of the food industry. However, the
grape industry was exempted from
any regulations. Unless we continue
to support the boycott, such chemi-
cals will continue to be employed
without restrictions.
The loose regulation of the agri-
cultural industry violates the rights of
farm workers and seriously threatens
their well-being. Over one fourth of
the Right to Know laws in the United
States do not requite farm employers
to inform their employees about the
toxic chemicals they will come in
contact with on the job. Federal law
also exempts the farm industry from
child labor laws, thus allowing 16-
year-olds to work under hazardous
conditions and 10-year-olds to en-
gage in "non-hazardous" farm work.
Furthermore, the agricultural indus-
try is not required to provide clean
water and adequate sanitation facili-
ties for the workers. This means that
workers, who often end up drenched
in chemicals after a long day of work
in the fields, have no way of remov-
ing even mildly toxic chemicals from
their skin. These conditions are di-
rectly related to the abnormally high
incidences of brain tumors, nerve dis-
orders, lymphoma, leukemia, multiple
myeloma, lung cancer, sterility, aller-
gic dermatitis and chromosomal de-
fects among all workers, as well as to
the high rate of miscarriages and spon-
taneous abortions among women
These issues do not just apply to
farm workers. The use of pesticides
affects anyone who is involved in the
distribution, purchase and consump-
tion of grapes. The cumulative effects
of chronic exposure to pesticides ap-
ply not only to vineyard workers, but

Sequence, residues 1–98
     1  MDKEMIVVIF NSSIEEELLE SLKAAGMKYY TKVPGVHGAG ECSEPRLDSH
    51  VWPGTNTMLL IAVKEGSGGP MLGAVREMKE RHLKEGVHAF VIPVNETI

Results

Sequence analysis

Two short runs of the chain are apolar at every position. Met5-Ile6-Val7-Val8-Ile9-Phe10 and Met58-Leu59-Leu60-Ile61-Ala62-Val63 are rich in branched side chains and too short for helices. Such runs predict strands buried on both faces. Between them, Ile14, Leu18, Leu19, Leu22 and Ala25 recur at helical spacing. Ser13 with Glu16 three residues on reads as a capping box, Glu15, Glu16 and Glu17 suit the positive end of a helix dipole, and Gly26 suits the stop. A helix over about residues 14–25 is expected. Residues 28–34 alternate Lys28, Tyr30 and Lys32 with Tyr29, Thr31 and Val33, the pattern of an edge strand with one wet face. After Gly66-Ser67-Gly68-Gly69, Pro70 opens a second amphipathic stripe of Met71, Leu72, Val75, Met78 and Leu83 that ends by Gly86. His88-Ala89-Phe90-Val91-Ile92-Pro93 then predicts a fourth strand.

also to the packers, whose job it is to
ensure that the grapes look nice when
they arrive at our local store, our
cafeteria and our kitchen table. Pesti-
cides affect the consumer as well.
"One third of the grapes analyzed by
the FDA were found to contain resi-
dues of one or more pesticides ...
Captan residues were detected in 15
percent of all samples..." It is impor-
tant to remember that the FDA's rou-
tine laboratory testing methods fail to
detect more than 50 percent of the
chemical residues in the grapes
The price for beauty is paid for in
human lives, in cases of cancer, neu-
rotoxicity, sterility, birth defects and
miscarriages. It is for these reasons
that we ask you to support the grape
boycott at the University. With your
support we were successful in sus-
pending the serving of grapes in the
residence halls over the past year.
Meanwhile, we continue to push for
NO GRAPES both on and off cam-
pus. Our ultimate goal is a University
proclamation in support of the UFW's
boycott. The more pressure that is
applied to the industry, the quicker it
will employ the standards of the UFW

which would benefit the consumer
and alleviate the dire situation for
California's farm workers. Pleasejoin
us in our effort; we need your support.
!Que Viva la Causa!
ALIANZA, the Latina/o Student
Wayne Alejandro Wolbert
Liberal Daily: Don't
vilify GOP Contract!
To the Daily:
Iam writing in response to "Newt's